This roundtable event examined what could be done to maximise renewable energy, given its variable nature, and how it can play a significant role in meeting the energy demands of the future
On 21 June 2012, we hosted the fourth in a series of conversations to explore the key issues facing the renewables industry with keynote speaker Rachel Soloman Williams (Head of the Department of Energy and Climate Change's Feed-in-Tariffs Review).
To set the scene, the group was given a recap on two reviews being carried out at the time by the Department of Energy and Climate Change (DECC): the Renewables Obligation (RO) Banding Review and the Feed-in-Tariffs Comprehensive Review. The challenge for the Government and the small and medium wind industry was to find a balance between restricted finances, manufacturing opportunities and project development.
It was expected that the outcome of the reviews should provide long-term stability across the renewables sector out to 2020 but acknowledged that there would always be some political uncertainty.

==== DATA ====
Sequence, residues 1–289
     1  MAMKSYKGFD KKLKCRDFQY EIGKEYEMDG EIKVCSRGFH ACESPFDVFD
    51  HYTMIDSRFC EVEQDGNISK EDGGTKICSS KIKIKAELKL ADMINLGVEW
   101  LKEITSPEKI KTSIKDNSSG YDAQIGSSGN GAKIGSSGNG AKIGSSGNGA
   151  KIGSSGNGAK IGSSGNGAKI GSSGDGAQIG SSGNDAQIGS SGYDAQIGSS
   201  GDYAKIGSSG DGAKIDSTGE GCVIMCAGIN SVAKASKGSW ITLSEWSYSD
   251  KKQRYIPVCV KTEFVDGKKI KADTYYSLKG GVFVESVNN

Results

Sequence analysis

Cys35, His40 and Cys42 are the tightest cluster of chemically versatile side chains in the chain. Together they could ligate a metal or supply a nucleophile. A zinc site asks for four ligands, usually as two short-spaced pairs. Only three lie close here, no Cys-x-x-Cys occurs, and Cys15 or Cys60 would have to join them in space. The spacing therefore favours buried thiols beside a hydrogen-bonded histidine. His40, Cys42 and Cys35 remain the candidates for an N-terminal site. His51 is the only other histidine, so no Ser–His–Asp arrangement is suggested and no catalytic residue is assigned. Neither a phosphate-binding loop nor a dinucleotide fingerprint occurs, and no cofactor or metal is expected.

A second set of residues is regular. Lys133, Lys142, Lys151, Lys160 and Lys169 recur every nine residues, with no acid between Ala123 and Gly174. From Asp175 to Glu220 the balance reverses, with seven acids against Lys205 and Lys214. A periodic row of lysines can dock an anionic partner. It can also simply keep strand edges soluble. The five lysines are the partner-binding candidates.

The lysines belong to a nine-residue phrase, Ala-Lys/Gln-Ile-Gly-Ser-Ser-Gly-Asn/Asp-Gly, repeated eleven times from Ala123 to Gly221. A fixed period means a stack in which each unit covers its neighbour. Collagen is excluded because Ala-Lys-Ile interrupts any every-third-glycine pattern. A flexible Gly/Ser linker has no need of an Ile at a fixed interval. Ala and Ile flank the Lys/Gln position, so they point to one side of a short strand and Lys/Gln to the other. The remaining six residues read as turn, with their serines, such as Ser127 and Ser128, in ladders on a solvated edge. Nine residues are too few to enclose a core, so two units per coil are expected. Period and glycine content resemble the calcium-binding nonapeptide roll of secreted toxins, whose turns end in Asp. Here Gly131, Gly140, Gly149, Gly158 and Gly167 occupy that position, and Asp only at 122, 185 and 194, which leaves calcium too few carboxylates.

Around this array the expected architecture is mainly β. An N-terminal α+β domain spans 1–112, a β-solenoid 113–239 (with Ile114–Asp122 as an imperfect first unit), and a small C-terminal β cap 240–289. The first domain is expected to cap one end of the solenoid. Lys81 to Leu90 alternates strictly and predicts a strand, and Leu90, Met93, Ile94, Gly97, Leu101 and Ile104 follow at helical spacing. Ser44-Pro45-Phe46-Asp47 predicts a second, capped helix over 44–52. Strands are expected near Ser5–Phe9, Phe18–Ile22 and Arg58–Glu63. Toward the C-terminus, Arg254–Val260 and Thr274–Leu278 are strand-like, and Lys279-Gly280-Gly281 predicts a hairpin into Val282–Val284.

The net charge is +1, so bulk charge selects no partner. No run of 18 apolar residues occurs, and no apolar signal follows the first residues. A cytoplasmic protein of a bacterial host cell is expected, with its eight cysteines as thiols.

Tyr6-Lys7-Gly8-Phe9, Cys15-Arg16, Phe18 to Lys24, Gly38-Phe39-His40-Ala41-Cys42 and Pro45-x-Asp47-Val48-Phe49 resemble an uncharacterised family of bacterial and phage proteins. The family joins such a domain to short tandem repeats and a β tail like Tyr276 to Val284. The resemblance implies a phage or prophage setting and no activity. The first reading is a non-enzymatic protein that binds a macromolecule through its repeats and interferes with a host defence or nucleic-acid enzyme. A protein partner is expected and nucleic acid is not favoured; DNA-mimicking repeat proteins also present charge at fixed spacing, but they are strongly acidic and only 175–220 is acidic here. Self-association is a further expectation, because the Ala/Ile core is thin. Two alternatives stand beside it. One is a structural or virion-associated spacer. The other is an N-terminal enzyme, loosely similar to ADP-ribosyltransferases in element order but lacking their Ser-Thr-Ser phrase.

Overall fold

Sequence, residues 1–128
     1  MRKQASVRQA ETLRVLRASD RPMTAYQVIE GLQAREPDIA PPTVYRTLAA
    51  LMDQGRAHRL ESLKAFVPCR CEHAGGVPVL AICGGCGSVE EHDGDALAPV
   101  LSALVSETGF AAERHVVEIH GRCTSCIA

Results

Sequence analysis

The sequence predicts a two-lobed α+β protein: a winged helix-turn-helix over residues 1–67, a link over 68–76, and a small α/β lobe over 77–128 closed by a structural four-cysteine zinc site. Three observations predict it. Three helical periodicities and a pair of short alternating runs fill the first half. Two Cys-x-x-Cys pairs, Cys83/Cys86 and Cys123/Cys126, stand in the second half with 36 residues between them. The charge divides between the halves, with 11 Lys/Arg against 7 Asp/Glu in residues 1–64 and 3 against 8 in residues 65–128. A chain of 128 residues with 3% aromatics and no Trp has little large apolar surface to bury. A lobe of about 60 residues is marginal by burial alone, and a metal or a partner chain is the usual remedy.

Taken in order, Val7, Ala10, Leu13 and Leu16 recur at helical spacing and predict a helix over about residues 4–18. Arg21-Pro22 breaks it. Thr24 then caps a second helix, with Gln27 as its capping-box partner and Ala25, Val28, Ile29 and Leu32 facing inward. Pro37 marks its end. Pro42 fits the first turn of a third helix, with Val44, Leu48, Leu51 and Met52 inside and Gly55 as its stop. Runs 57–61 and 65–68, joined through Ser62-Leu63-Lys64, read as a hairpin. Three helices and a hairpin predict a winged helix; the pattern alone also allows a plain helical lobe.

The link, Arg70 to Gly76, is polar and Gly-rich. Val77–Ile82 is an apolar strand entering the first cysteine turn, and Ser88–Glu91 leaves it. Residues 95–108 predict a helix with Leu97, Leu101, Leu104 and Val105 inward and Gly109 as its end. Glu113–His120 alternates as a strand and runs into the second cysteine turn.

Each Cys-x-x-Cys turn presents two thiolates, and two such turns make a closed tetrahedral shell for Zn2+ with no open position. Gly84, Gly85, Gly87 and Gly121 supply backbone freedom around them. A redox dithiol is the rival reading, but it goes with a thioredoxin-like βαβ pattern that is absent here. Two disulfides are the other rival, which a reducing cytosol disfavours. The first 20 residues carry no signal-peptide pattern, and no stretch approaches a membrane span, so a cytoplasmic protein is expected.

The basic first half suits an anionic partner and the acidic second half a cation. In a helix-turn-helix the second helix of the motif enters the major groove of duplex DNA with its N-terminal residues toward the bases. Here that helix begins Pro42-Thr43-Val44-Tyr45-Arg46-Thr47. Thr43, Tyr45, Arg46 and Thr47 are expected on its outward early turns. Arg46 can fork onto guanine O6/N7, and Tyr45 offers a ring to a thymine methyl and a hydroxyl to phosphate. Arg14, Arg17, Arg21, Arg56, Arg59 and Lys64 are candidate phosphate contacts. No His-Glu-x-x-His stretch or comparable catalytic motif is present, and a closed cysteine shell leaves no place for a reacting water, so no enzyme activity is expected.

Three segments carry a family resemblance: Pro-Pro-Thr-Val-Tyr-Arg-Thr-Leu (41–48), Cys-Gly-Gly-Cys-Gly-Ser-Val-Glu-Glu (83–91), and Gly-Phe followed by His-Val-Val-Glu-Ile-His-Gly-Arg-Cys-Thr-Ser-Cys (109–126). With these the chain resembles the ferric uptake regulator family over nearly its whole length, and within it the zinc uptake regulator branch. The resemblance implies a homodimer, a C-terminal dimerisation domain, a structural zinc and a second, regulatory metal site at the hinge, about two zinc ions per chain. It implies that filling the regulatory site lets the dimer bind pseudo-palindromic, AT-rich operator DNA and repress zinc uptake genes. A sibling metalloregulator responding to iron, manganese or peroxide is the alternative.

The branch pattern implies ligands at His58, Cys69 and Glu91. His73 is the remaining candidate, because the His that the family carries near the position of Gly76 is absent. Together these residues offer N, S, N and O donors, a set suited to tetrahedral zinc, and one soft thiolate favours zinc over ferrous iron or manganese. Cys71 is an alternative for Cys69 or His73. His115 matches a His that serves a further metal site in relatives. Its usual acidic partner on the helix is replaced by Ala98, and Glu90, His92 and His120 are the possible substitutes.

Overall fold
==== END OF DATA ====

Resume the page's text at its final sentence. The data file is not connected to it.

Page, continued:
With many challenges facing the small and medium wind market, it was suggested that the industry should aim to win hearts and minds by:
To support the industry, the Met Office would:
It was concluded that the small and medium wind industry needed to find ways of promoting the benefits of renewable energy in the UK. The group also felt that to ensure continued domestic growth, the industry should support farmers - not just wealthy landowners.
The Met Office agreed to support the industry by investigating the feasibility of creating a new UK 'power' forecast through its weather services for the public.
Everybody - Government, manufacturers, investors, developers and operators - was responsible, within their own remit, for delivering facts on the role of renewables in the UK's energy mix. The Met Office as a trusted and impartial scientific organisation, and now part of the Department for Business, Innovation and Skills, will support UK growth in this area by publishing facts about the UK's natural resources (e.g. wind, solar, tides) and linking them to the country's ability to generate power.
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